Why Does It Matter How Many People Signed up for Obamacare?

Last week was all about the spin. According to the Obama administration, 7 million people signed up for insurance through the exchanges created by the Affordable Care Act. Republicans were quick to dispute the claim. Charles Krauthammer immediately called it a “phony number,” and Bill O’Reilly said that the White House was “straight up lying” about the number of people enrolled.

Nonetheless, Obama seems to have won the short game. He has enjoyed a small-but-real uptick in the polls, and a general consensus that the ACA has brought the number of uninsured Americans down to its lowest level in years. And, of course, the House of Representatives failed to repeal Obamacare in its 50th attempt — a dismal record for anyone who is not a Cubs fan.

If the Obamacare bounce holds up—and there is certainly no guarantee that it will—Republicans could end up losing more than a few symbolic votes. The 2014 midterm elections are already shaping up to be a referendum on the dismally unpopular health care law. If the ACA becomes only moderately unpopular, it could cost Republicans control of the Senate, which, as it stands now, will change hands only if the GOP wins every seriously contested seat in the country.

And this is why everybody seems to be focusing on the seven million figure, even though the number of people who signed up for Obamacare should not actually matter to the debate.

When the Affordable Care Act was passed, there was an actual debate that, when stripped of hyperbole, came down to two rational positions that reasonable people could disagree about: 1) that new insurance programs could accomplish a societal good by increasing the number of people with health care coverage; and 2) that universal health insurance went beyond the legitimate powers of government and would create an entitlement that we could not afford.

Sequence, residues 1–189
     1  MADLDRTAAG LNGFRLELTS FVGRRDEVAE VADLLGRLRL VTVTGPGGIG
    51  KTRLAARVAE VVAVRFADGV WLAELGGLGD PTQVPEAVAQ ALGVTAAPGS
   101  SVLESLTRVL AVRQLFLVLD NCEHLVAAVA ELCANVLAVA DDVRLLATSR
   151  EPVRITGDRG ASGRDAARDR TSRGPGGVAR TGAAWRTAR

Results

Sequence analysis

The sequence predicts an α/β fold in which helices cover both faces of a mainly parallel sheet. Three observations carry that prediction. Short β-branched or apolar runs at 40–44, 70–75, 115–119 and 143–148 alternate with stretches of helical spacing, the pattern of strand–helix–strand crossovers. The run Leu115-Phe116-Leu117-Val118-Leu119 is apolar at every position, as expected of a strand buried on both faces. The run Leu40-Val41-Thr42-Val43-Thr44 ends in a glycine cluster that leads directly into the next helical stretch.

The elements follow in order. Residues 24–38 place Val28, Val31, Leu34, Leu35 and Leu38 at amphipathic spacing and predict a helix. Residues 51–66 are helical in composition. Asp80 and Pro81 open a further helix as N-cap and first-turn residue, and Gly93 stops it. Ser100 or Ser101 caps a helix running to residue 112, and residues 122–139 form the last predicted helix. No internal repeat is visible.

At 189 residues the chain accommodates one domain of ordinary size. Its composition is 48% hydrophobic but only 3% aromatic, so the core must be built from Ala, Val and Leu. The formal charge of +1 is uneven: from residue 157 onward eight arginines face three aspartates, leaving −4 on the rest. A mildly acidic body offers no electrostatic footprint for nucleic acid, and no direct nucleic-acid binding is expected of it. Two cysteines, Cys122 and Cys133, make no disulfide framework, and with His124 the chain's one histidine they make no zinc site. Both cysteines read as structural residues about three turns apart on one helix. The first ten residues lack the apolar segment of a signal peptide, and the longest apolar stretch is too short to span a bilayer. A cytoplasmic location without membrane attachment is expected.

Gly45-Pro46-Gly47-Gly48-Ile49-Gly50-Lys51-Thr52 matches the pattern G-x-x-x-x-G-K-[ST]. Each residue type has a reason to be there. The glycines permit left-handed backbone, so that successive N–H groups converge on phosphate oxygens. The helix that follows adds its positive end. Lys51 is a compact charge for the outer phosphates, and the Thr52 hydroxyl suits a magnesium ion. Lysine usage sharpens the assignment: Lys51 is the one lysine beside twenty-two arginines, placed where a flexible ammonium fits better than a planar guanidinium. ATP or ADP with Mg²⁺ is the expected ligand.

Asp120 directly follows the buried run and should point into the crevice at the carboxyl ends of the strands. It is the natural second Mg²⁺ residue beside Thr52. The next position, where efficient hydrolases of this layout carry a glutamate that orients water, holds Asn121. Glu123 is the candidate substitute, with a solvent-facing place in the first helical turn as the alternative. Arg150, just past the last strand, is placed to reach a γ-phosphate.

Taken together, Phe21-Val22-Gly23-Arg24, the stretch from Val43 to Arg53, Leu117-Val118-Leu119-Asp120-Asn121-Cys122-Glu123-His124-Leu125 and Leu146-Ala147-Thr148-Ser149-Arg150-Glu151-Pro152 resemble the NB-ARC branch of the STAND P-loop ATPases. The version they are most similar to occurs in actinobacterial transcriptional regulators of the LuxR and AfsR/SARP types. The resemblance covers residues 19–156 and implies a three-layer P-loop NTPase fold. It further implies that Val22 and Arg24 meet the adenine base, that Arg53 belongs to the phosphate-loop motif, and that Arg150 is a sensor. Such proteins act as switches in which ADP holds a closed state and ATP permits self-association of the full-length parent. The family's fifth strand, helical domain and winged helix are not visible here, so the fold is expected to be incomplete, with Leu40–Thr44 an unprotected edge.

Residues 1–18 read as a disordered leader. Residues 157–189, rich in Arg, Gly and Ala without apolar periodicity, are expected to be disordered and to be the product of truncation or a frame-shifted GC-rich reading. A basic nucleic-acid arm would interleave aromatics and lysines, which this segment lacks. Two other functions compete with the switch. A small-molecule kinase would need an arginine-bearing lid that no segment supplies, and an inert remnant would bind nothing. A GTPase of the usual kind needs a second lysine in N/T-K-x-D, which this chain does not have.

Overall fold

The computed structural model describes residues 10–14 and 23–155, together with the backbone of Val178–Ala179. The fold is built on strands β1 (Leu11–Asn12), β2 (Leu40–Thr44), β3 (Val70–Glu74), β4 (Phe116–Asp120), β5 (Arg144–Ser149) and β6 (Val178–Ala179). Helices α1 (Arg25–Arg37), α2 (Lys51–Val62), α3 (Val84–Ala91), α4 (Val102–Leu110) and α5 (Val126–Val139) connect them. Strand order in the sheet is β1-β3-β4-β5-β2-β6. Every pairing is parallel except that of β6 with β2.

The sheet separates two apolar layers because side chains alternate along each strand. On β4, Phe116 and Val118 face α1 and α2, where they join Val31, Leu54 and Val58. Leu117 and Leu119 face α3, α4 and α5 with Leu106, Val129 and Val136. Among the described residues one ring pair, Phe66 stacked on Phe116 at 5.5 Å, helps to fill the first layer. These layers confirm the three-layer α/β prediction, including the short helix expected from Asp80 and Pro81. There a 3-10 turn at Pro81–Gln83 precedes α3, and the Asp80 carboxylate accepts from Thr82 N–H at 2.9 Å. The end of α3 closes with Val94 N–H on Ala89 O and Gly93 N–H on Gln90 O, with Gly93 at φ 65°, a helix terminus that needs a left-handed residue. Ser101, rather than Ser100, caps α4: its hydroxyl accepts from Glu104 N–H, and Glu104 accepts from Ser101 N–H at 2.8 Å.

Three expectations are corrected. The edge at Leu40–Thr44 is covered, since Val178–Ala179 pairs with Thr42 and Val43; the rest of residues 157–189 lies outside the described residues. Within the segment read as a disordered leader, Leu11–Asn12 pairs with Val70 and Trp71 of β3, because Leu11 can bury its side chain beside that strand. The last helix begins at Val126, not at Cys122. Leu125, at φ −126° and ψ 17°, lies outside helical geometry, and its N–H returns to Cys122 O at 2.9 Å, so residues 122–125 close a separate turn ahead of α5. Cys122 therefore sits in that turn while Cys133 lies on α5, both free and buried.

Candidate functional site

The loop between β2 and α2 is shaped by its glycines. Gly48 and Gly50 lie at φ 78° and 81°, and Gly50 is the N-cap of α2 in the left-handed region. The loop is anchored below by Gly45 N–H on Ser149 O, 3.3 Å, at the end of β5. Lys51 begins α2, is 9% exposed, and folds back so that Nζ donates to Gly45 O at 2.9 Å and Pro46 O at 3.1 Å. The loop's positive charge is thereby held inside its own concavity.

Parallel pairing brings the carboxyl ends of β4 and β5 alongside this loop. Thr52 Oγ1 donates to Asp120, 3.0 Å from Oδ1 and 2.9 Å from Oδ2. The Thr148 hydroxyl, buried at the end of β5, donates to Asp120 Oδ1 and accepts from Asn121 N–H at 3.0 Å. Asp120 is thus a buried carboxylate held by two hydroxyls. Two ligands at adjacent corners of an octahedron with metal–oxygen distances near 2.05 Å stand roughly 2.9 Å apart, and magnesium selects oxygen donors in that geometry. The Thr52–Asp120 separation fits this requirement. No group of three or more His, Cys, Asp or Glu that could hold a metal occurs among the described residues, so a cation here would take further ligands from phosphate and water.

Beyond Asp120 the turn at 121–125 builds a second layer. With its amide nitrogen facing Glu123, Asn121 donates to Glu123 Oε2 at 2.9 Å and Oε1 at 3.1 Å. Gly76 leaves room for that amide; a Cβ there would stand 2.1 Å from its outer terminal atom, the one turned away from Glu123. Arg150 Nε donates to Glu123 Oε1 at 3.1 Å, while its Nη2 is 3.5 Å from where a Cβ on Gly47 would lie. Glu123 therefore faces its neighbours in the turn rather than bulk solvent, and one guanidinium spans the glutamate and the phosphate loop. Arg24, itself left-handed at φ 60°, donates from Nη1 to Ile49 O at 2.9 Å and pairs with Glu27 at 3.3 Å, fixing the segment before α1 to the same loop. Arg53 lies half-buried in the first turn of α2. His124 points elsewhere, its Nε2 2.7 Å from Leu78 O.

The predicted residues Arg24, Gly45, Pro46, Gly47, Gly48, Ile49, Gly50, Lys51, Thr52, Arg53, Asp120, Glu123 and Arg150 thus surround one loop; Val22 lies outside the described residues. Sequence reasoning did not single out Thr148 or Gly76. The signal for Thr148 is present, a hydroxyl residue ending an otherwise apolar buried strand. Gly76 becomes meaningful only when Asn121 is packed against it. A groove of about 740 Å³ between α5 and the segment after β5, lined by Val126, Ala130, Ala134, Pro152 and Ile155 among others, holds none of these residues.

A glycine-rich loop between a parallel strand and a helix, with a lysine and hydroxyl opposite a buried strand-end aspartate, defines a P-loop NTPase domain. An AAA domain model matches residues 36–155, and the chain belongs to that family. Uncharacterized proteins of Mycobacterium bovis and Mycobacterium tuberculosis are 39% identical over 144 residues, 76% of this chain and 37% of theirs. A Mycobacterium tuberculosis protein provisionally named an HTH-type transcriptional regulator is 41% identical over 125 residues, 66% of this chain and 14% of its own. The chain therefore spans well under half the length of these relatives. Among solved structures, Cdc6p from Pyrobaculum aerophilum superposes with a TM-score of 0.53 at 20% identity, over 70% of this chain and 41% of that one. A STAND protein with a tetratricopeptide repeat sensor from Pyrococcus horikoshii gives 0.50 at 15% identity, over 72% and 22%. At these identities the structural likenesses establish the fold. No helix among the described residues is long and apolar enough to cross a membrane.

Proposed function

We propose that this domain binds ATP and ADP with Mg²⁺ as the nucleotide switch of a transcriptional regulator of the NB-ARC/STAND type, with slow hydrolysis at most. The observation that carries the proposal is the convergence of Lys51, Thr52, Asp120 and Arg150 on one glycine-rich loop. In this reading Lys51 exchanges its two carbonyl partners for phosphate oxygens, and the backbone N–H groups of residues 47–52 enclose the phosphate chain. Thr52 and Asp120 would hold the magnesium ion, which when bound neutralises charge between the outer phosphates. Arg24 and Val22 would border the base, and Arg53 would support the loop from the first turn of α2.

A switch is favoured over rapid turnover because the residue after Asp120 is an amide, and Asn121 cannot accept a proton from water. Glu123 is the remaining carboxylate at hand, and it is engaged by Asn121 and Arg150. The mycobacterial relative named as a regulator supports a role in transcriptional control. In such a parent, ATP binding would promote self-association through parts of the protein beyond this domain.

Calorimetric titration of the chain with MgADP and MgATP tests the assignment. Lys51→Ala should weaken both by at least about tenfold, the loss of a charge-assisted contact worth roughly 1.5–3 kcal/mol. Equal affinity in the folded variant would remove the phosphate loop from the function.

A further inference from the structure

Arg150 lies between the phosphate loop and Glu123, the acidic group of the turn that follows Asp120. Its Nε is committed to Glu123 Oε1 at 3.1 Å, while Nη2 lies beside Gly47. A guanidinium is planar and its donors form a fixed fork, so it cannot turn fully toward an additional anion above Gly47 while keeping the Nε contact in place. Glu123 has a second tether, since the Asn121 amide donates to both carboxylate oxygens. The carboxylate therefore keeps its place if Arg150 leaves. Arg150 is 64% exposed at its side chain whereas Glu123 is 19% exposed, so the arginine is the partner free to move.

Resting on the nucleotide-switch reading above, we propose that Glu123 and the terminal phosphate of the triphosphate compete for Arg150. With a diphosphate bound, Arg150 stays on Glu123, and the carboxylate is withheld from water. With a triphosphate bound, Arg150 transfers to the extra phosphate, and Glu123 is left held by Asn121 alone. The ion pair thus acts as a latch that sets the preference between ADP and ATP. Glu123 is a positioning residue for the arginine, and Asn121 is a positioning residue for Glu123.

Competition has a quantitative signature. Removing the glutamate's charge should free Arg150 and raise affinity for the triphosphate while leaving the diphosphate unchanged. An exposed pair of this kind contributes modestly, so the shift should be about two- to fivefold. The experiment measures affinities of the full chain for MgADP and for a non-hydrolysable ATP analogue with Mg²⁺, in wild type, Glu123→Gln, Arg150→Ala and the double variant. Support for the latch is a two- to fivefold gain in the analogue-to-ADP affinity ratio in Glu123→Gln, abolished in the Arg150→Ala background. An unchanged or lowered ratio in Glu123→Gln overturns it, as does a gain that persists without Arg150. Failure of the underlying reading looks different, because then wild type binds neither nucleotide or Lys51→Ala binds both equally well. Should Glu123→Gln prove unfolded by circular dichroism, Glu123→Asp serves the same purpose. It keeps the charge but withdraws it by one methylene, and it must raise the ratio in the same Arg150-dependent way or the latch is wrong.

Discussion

However, when the ACA launch was plagued with technical failures, delays, and unwise executive exemptions, the Republican position shifted from, “this is an unwarranted expansion of government that we cannot afford” to “this is an unmitigated disaster that won’t ever help anybody do anything.” And it worked. The president’s popularity sank to new lows, and the Republicans started to contemplate control of the Senate. In the process, though, they freely conceded to the Affordable Care Act the most important rhetorical advantage possible in the world today: low expectations.

And this is why the seven-million figure is so important. A lot of people signing up for insurance does not mean that the ACA is a good thing, or that we can afford it, or that it is a legitimate use of government power. All it means is that Obamacare is not a complete disaster. One can still disagree with it, and give very good reasons for doing so. But if it is actually helping a large number of people get insurance, then one’s disagreement must acknowledge things like trade-offs, partial goods, lesser evils. And one might even have to compromise.

This is how self-government is supposed to work, of course. It is how American politics has inched forward for more than 200 years. But it is a bad fit for the contemporary political world, where absolute evil is the only legitimate enemy and where lost causes are the only ones worth fighting against.